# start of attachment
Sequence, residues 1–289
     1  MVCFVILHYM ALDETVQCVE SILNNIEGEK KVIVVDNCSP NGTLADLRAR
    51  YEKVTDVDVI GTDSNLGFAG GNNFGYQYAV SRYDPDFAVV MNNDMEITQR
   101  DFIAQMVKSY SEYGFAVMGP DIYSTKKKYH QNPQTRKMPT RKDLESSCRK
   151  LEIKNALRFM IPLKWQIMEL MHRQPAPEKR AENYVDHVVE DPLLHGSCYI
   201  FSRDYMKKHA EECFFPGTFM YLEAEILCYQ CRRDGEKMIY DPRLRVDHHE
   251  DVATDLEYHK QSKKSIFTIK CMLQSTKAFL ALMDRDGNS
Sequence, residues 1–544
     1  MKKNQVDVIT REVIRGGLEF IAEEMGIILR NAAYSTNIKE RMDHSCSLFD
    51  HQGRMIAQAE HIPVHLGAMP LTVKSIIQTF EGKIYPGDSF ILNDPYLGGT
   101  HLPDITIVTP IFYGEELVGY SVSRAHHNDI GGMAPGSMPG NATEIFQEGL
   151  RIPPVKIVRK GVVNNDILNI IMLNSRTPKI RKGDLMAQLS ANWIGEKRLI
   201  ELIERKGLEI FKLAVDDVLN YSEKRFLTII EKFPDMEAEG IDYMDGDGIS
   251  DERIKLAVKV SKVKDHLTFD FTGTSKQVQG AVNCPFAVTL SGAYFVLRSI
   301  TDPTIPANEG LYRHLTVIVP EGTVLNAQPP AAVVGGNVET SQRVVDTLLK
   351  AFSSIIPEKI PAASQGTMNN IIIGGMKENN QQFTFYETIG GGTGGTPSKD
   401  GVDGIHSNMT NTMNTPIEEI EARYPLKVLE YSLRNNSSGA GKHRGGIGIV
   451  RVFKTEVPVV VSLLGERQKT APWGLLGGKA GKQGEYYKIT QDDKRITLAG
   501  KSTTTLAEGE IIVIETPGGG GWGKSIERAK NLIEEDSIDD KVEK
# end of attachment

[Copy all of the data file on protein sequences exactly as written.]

Sequence, residues 1–289
     1  MVCFVILHYM ALDETVQCVE SILNNIEGEK KVIVVDNCSP NGTLADLRAR
    51  YEKVTDVDVI GTDSNLGFAG GNNFGYQYAV SRYDPDFAVV MNNDMEITQR
   101  DFIAQMVKSY SEYGFAVMGP DIYSTKKKYH QNPQTRKMPT RKDLESSCRK
   151  LEIKNALRFM IPLKWQIMEL MHRQPAPEKR AENYVDHVVE DPLLHGSCYI
   201  FSRDYMKKHA EECFFPGTFM YLEAEILCYQ CRRDGEKMIY DPRLRVDHHE
   251  DVATDLEYHK QSKKSIFTIK CMLQSTKAFL ALMDRDGNS
Sequence, residues 1–544
     1  MKKNQVDVIT REVIRGGLEF IAEEMGIILR NAAYSTNIKE RMDHSCSLFD
    51  HQGRMIAQAE HIPVHLGAMP LTVKSIIQTF EGKIYPGDSF ILNDPYLGGT
   101  HLPDITIVTP IFYGEELVGY SVSRAHHNDI GGMAPGSMPG NATEIFQEGL
   151  RIPPVKIVRK GVVNNDILNI IMLNSRTPKI RKGDLMAQLS ANWIGEKRLI
   201  ELIERKGLEI FKLAVDDVLN YSEKRFLTII EKFPDMEAEG IDYMDGDGIS
   251  DERIKLAVKV SKVKDHLTFD FTGTSKQVQG AVNCPFAVTL SGAYFVLRSI
   301  TDPTIPANEG LYRHLTVIVP EGTVLNAQPP AAVVGGNVET SQRVVDTLLK
   351  AFSSIIPEKI PAASQGTMNN IIIGGMKENN QQFTFYETIG GGTGGTPSKD
   401  GVDGIHSNMT NTMNTPIEEI EARYPLKVLE YSLRNNSSGA GKHRGGIGIV
   451  RVFKTEVPVV VSLLGERQKT APWGLLGGKA GKQGEYYKIT QDDKRITLAG
   501  KSTTTLAEGE IIVIETPGGG GWGKSIERAK NLIEEDSIDD KVEK